2. The use of reason is more or less hindered in sleep, according as the inner sensitive powers are more or less overcome by sleep, on account of the violence or attenuation of the evaporations. Nevertheless it is always hindered somewhat, so as to be unable to elicit a judgment altogether free, as stated in the I 84,8, ad 2. Therefore what it does then is not imputed to it as a sin.
3. Reason's apprehension is not hindered during sleep to the same extent as its judgment, for this is accomplished by reason turning to sensible objects, which are the first principles of human thought. Hence nothing hinders man's reason during sleep from apprehending anew something arising out of the traces left by his previous thoughts and phantasms presented to him, or again through Divine revelation, or the interference of a good or bad angel.

Whether seduction should be reckoned a species of lust?

Objection: 1. It would seem that seduction should not be reckoned a species of lust. For seduction denotes the unlawful violation of a virgin, according to the Decretals (XXXVI, qu. 1) [*Append. Grat. ad can. Lex illa]. But this may occur between an unmarried man and an unmarried woman, which pertains to fornication. Therefore seduction should not be reckoned a species of lust, distinct from fornication.
2. Further, Ambrose says (De Patriarch. [*De Abraham i, 4]): "Let no man be deluded by human laws: all seduction is adultery." Now a species is not contained under another that is differentiated in opposition to it. Therefore since adultery is a species of lust, it seems that seduction should not be reckoned a species of lust.
3. Further, to do a person an injury would seem to pertain to injustice rather than to lust. Now the seducer does an injury to another, namely the violated maiden's father, who "can take the injury as personal to himself" [*Gratian, ad can. Lex illa], and sue the seducer for damages. Therefore seduction should not be reckoned a species of lust.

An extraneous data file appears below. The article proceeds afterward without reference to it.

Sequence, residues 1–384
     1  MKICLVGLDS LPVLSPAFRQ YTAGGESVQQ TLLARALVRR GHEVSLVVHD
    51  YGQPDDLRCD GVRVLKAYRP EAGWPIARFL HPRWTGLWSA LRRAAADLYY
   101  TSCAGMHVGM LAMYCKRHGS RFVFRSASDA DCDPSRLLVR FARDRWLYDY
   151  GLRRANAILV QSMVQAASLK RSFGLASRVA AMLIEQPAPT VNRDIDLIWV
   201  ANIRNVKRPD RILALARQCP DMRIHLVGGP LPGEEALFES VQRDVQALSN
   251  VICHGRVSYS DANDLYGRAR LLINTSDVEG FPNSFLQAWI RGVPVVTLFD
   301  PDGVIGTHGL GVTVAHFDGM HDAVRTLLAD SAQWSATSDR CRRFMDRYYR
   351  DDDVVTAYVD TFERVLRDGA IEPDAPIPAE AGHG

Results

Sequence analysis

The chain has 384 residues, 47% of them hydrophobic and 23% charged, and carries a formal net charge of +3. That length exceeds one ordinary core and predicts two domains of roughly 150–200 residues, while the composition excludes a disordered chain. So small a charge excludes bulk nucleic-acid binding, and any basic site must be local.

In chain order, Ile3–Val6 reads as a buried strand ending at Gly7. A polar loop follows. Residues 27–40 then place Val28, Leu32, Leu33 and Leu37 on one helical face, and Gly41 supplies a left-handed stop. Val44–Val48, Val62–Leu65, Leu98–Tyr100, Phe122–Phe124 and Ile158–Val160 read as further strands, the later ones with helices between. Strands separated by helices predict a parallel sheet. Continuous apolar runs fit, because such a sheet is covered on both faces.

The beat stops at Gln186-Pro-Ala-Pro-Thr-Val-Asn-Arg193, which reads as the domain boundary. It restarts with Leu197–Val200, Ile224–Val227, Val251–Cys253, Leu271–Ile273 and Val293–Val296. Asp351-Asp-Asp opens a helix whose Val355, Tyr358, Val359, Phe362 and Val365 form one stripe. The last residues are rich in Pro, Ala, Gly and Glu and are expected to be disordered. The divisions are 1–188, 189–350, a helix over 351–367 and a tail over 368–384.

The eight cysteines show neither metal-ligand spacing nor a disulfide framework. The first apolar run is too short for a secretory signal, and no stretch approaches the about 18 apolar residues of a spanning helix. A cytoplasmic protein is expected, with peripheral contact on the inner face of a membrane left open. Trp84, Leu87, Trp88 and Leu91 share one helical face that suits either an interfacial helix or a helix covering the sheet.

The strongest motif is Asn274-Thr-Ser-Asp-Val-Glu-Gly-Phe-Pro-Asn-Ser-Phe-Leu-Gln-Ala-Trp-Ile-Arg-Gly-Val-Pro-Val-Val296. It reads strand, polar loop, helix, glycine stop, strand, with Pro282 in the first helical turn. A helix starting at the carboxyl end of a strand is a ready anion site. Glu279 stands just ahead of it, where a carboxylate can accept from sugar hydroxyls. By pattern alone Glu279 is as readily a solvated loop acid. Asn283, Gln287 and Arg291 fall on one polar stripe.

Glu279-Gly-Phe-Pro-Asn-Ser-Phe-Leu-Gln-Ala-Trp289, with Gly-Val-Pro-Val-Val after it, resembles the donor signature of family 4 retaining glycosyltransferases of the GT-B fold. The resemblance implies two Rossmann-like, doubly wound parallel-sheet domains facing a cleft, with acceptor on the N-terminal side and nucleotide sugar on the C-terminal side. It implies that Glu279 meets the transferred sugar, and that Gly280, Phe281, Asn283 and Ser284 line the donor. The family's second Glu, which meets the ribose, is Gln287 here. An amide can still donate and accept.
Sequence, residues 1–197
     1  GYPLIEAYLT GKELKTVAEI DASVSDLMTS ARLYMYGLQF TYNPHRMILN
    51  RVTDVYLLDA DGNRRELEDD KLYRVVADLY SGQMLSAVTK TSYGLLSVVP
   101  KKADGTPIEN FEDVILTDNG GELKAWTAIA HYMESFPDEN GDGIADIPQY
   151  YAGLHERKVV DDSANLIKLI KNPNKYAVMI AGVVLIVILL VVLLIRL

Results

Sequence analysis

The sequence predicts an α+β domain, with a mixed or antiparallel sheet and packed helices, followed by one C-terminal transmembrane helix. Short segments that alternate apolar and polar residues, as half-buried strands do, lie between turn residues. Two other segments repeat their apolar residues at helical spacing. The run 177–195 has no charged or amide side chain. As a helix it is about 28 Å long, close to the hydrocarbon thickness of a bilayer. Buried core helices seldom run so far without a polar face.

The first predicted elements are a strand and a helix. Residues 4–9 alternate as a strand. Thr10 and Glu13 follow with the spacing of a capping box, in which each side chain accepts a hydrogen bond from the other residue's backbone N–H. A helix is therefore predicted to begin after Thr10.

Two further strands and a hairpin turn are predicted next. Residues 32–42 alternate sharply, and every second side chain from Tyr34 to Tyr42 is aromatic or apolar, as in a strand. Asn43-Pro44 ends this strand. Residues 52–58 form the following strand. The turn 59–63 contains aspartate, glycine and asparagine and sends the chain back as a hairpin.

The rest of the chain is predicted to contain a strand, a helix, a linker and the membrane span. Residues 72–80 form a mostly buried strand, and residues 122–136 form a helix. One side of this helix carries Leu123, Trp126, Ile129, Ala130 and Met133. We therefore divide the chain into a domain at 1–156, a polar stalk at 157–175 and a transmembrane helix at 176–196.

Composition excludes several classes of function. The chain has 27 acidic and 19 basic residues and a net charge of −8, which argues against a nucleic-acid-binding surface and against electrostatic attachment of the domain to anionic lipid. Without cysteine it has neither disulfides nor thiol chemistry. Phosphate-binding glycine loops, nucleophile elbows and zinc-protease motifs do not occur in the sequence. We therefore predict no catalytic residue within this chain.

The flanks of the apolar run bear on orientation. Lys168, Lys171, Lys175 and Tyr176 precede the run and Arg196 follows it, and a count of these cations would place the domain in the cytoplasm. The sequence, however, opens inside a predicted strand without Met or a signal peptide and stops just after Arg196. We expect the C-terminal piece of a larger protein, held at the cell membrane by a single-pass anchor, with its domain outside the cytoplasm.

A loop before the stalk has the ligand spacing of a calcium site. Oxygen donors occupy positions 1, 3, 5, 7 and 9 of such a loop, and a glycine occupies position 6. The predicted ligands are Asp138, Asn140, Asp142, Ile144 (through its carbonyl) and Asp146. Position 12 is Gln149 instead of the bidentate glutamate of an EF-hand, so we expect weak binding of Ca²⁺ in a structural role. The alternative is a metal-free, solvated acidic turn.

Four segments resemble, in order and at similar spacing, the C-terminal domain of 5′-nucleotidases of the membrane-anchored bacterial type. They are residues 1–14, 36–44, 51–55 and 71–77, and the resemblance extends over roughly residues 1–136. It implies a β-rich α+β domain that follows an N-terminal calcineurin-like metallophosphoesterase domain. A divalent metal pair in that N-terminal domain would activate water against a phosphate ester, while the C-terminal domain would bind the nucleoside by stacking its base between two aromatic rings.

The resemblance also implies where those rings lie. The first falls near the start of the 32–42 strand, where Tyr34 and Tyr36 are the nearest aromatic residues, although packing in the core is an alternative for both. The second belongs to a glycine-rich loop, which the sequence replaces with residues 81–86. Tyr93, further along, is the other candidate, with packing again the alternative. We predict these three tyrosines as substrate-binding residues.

On the contrary Seduction consists properly in the venereal act whereby a virgin is violated. Therefore, since lust is properly about venereal actions, it would seem that seduction is a species of lust.
I answer that When the matter of a vice has a special deformity, we must reckon it to be a determinate species of that vice. Now lust is a sin concerned with venereal matter, as stated above (Question [153], Article [1]). And a special deformity attaches to the violation of a virgin who is under her father's care: both on the part of the maid, who through being violated without any previous compact of marriage is both hindered from contracting a lawful marriage and is put on the road to a wanton life from which she was withheld lest she should lose the seal of virginity: and on the part of the father, who is her guardian, according to Si 42,11, "Keep a sure watch over a shameless daughter, lest at any time she make thee become a laughing-stock to thy enemies." Therefore it is evident that seduction which denotes the unlawful violation of a virgin, while still under the guardianship of her parents, is a determinate species of lust.

Reply to Objection: 1. Although a virgin is free from the bond of marriage, she is not free from her father's power. Moreover, the seal of virginity is a special obstacle to the intercourse of fornication, in that it should be removed by marriage only. Hence seduction is not simple fornication, since the latter is intercourse with harlots, women, namely, who are no longer virgins, as a gloss observes on 2Co 12,, "And have not done penance for the uncleanness and fornication," etc.
2. Ambrose here takes seduction in another sense, as applicable in a general way to any sin of lust. Wherefore seduction, in the words quoted, signifies the intercourse between a married man and any woman other than his wife. This is clear from his adding: "Nor is it lawful for the husband to do what the wife may not." In this sense, too, we are to understand the words of Nb 5,13: "If [Vulg.: 'But'] the adultery is secret, and cannot be provided by witnesses, because she was not found in adultery [stupro]."